Looks like a bunch of copypasta in that picture.

  26. Mark Brown

    Wait until Google plots all this and we can fly around in it.

  27. Bill

    Parkylondon, 360×360 would cover the full sky twice. Think of the globe. It is 360 degrees around the equator, and 90 degrees no the north pole, and 90 degrees to the south pole. If you start travelling North for more than 90 degrees, you loop back around south. You’ll also notice that the shape of a 1 degree box changes as you move north. Near the equator it looks like a square, and near the North pole it looks like a donut slice… Without know the longitude and latitude range this covers, it would be impossible to accurately determine what fraction of the total sky this picture covers.

  28. Timkatt

    I think you guys crashed the site

  29. Yojimbo

    Site appears to be down for the count. Either it doesn’t open or I get a big featureless black rectangle. (No, the monitor IS on, thank you :) )

  30. Rob

    I guess the reason its in Bad Astronomy is a legal one – just in case anyone whips his little brother into actually counting them, and coming up short 23,976 galaxies…

  31. Torbjörn Larsson, OM

    Postulation, is dark energy the balance of real energy.

    Well, dark energy is as real as other energy, that is why we can observe its effects. 😀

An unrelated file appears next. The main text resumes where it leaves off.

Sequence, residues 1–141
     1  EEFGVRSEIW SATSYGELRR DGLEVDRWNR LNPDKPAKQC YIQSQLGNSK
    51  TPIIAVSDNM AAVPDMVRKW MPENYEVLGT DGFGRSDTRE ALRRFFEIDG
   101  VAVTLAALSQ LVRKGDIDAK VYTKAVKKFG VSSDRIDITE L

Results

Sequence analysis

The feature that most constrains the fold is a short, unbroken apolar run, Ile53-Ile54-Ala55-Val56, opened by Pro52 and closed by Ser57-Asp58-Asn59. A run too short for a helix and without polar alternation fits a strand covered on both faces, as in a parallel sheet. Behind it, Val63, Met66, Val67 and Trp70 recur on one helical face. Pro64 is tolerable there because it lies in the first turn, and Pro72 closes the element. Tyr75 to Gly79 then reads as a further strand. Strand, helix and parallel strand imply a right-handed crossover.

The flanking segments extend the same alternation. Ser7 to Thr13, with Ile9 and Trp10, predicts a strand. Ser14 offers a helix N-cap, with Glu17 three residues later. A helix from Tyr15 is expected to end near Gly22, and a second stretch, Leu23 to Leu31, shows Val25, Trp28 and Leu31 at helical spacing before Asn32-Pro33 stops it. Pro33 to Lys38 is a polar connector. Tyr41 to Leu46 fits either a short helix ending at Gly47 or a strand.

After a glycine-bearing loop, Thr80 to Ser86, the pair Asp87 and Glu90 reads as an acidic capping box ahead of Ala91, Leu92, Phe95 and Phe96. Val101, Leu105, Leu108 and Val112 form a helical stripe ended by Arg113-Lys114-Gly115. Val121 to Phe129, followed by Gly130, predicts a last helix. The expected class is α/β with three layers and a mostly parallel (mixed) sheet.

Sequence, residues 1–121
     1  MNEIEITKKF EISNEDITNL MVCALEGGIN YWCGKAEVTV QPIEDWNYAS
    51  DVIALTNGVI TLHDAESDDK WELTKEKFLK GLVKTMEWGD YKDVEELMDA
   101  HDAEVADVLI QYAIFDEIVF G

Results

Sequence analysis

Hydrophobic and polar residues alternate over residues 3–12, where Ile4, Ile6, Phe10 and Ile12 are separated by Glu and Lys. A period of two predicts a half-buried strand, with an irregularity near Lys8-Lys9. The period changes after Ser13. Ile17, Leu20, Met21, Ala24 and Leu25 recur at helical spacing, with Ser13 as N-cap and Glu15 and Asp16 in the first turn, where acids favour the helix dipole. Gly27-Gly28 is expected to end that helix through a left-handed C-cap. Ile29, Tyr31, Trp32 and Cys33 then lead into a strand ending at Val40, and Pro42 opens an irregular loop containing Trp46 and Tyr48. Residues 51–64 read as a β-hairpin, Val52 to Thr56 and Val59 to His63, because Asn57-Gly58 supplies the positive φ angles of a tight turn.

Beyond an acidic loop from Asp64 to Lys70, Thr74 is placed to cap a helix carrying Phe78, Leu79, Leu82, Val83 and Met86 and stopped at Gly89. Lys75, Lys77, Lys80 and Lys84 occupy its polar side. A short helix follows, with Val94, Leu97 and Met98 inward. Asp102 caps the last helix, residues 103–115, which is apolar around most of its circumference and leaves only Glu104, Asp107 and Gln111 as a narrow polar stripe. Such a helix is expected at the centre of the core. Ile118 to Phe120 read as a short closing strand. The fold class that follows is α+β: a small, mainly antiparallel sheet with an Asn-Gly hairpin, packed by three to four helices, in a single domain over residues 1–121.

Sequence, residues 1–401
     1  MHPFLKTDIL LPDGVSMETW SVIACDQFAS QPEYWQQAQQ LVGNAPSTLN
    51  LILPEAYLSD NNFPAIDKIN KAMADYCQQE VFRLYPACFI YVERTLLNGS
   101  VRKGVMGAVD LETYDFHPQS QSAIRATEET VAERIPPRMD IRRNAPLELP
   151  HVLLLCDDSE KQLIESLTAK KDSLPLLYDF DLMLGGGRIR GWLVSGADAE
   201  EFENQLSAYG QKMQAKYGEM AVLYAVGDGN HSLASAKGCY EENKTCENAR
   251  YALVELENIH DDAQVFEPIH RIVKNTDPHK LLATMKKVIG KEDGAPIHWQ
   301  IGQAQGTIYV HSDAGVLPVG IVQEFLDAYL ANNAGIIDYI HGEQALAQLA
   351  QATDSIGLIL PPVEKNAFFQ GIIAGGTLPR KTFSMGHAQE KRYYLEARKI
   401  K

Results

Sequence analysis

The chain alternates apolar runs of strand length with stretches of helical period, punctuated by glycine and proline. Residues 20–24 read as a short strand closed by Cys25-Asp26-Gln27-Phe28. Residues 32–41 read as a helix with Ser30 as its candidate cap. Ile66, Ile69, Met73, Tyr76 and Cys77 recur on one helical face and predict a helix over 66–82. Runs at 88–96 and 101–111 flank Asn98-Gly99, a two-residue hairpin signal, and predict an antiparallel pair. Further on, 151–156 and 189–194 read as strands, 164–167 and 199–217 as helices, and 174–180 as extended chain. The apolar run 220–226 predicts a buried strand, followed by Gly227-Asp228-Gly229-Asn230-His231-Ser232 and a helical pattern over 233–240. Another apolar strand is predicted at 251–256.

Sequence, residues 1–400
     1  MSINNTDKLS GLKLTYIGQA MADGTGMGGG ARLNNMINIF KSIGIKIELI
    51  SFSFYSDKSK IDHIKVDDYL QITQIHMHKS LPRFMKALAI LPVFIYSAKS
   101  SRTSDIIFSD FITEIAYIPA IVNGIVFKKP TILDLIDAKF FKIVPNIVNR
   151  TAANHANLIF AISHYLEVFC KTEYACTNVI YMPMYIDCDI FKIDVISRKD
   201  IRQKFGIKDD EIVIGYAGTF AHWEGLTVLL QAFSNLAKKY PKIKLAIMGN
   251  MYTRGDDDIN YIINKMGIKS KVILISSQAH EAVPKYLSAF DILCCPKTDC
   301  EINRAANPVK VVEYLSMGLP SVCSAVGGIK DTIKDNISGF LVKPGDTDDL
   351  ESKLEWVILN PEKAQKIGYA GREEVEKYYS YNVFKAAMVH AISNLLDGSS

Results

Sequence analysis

But yes, it likely is the balance of the rest of the energy, as it seems the universe have zero energy.

    Though that is then a mere boundary condition of the problem. This, and observations of the rather different “rest of the energy”, doesn’t tell us what it is any more than knowing that there is a sea and tasting fresh water tells us how sea water taste.

  32. Will

    Our Universe rules! Woo-hoo!!!

  33. Messier TidyUpper

    Awesome. I love it. 😀

    Deep Fields seem to be all the rage at the moment – & why not!? 😉

    Had an article in the paper yesterday showing the HST image the BA blogged about t’other day –


    It now graces my pinboard. 😉

    BTW. Three quick questions if I may ask, please :

    1. Are we getting spectra on the galaxies here too or just the image?

    2. Is this a “true” colour / visible light image ie. what you’d see with the unaided eye in the right position (& time!) or not?


    3. Are the galaxies in this piccy identified as to their Hubble / galaxy classes – eg. quasars, AGN’s, spirals, barred spirals, ellipticals etc .. & are the galaxies here to be included in the “Galaxy Zoo” public computer astronomy outreach program thingy?

  34. Brian Too

    Do we have any kind of guesstimate on how many galaxies there are in the universe? I thought I heard that there were about 250 million or so. Don’t these deep field images keep adding to the total at a very considerable rate?

  35. Don

    Come on, “Discover,” ain’t you got no grammar? It’s “What DO half a million galaxies look like?”

  36. Blind Squirrel

    Around what are diffraction spikes diffracting?


  37. chonnes

    I view this image and try to comprehend the relationship between the size and dynamics of the observable universe relative to the size and influence of Earth. Just thinking about those two extremes makes it incredibly difficult to believe that a “creator” of some sort not only created all of this but is also actively concerned with my personal religious beliefs and sexual orientation. I’m not a creationist and the more I learn about cosmology and other sciences, the more committed I am to my own beliefs.